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US, Allies Deepen Indo-Pacific Tensions09/23 06:08

   

   BANGKOK (AP) -- With increasingly strong talk in support of Taiwan, a new 
deal to supply Australia with nuclear submarines, and the launch of a European 
strategy for greater engagement in the Indo-Pacific, the U.S. and its allies 
are becoming more assertive in their approach toward a rising China.

   China has bristled at the moves, and the growing tensions between Beijing 
and Washington prompted U.N. Secretary-General Antonio Guterres on the weekend 
to implore U.S. President Joe Biden and Chinese leader Xi Jinping to repair 
their "completely dysfunctional" relationship, warning they risk dividing the 
world.

   As the U.N. General Assembly opened Tuesday, both leaders chose calming 
language, with Biden insisting "we are not seeking a new Cold War or a world 
divided into rigid blocs," and Xi telling the forum that "China has never, and 
will never invade or bully others or seek hegemony."

   But the underlying issues have not changed, with China building up its 
military outposts as it presses its maritime claims over critical sea lanes, 
and the U.S. and its allies growing louder in their support of Taiwan, which 
China claims as part of its territory, and deepening military cooperation in 
the Indo-Pacific.

   On Friday, Biden hosts the leaders of Japan, India and Australia for an 
in-person Quadrilateral Security Dialogue for broad talks including the 
COVID-19 pandemic and climate change, but also how to keep the Indo-Pacific, a 
vast region spanning from India to Australia, "free and open," according to the 
White House.

   It comes a week after the dramatic announcement that Australia would be 
dropping a contract for conventional French submarines in favor of an 
Anglo-American offer for nuclear-powered vessels, a bombshell that overshadowed 
the unveiling of the European Union's strategy to boost political and defense 
ties in the Indo-Pacific.

   "One thing is certain, that everyone is pivoting toward the Indo-Pacific,"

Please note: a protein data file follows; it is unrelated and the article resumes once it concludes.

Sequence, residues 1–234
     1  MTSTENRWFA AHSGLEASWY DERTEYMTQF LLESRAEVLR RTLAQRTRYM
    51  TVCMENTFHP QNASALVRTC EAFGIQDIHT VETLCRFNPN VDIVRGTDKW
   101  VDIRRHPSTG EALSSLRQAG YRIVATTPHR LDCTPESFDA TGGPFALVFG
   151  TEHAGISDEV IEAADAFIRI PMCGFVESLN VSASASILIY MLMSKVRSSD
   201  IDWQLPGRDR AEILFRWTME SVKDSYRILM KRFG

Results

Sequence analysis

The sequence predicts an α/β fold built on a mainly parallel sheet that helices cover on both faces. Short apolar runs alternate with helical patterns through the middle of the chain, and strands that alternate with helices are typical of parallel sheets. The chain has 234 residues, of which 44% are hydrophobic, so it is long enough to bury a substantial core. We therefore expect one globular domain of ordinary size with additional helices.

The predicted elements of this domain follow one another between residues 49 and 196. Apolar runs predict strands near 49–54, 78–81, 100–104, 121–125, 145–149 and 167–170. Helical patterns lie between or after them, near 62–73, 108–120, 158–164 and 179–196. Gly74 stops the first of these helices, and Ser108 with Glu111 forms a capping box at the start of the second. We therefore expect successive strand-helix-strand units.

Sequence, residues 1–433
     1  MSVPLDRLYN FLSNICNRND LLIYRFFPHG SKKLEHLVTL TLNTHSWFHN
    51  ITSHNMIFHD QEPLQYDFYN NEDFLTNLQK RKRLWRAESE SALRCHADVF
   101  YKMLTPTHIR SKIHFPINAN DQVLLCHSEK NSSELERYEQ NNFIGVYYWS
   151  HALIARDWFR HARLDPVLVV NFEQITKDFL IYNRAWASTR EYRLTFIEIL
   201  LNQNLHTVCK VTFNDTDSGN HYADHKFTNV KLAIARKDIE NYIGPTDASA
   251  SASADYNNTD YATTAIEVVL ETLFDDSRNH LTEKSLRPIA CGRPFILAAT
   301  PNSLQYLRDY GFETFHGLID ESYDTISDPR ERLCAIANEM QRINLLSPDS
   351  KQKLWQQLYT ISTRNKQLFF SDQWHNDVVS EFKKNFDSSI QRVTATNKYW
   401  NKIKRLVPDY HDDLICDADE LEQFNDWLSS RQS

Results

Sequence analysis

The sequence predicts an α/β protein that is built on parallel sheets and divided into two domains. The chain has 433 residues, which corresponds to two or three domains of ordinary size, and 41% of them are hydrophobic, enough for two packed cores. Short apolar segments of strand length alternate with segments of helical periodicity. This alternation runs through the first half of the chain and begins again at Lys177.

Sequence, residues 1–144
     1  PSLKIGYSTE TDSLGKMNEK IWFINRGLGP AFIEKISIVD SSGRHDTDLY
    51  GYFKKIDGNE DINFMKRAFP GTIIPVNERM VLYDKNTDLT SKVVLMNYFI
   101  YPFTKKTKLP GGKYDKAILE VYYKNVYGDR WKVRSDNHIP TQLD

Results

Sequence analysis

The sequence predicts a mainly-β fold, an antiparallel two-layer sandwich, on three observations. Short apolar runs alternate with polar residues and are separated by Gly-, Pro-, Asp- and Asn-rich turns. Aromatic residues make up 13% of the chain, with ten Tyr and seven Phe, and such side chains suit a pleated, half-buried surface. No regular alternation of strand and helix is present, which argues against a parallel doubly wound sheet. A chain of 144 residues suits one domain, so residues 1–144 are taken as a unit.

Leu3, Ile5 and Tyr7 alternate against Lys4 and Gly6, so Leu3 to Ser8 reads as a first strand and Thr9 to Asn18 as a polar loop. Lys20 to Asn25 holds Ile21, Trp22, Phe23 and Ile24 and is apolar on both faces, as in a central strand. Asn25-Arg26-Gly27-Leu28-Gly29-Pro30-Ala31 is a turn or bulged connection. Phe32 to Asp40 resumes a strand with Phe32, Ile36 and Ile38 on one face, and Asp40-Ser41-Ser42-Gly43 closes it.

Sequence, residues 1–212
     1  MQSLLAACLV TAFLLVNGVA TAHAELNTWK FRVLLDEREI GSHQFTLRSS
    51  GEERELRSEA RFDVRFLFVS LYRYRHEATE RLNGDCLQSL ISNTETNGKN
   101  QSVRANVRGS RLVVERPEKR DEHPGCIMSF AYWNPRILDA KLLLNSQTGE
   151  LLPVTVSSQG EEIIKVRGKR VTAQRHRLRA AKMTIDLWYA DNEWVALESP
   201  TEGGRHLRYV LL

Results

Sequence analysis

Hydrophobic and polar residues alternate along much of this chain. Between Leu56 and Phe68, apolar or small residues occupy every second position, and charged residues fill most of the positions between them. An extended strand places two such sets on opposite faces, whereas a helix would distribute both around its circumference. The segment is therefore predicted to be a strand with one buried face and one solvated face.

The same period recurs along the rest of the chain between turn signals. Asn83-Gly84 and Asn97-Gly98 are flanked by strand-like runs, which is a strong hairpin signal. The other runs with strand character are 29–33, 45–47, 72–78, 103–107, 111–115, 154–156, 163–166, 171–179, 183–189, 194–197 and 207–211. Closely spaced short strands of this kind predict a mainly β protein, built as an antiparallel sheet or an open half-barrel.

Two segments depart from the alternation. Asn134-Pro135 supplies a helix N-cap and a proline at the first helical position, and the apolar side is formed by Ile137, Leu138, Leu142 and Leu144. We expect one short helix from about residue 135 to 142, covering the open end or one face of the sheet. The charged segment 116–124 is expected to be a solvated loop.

said Garima Mohan, an Asia program fellow with the German Marshall Fund think 
tank.

   As partners pursue moves that play to their own strengths and needs, 
however, the past week has underscored the lack of coordination as a networked 
security strategy develops, she said.

   "Not everyone has the same threat assessment of China," she said in a 
telephone interview from Berlin.

   The EU policy emphasizes the need for dialogue with Beijing, to encourage 
"China to play its part in a peaceful and thriving Indo-Pacific region," while 
at the same time proposing an "enhanced naval presence" and expanded security 
cooperation with regional partners.

   It also notes China's increased military buildup, and that "the display of 
force and increasing tensions in regional hotspots such as in the South and 
East China Sea, and in the Taiwan Strait, may have a direct impact on European 
security and prosperity."

   Germany, which has close economic ties to China, got a wake-up call last 
week when China rejected its request for a port call for the frigate Bavaria, 
which is currently conducting maneuvers in the Indo-Pacific.

   "China is telling them this inclusive approach is not going to work, so in a 
way it's a rude awakening for Berlin," Mohan said. "You have to take a 
position, you can't have your cake and eat it too, and if you have an 
Indo-Pacific strategy ... you can't make it neutral."

   Other EU countries, most notably France, have also sent naval assets for 
exercises in the Indo-Pacific, and Britain has had a whole carrier strike group 
conducting exercises for several months as London pursues the new tilt toward 
the region recommended by a recent British government review of defense and 
foreign policy.

   China's Foreign Ministry said after rejecting the Bavaria's port call that 
it remained "willing to carry out friendly exchanges with Germany on the basis 
of mutual respect and mutual trust," but made clear it was displeased with the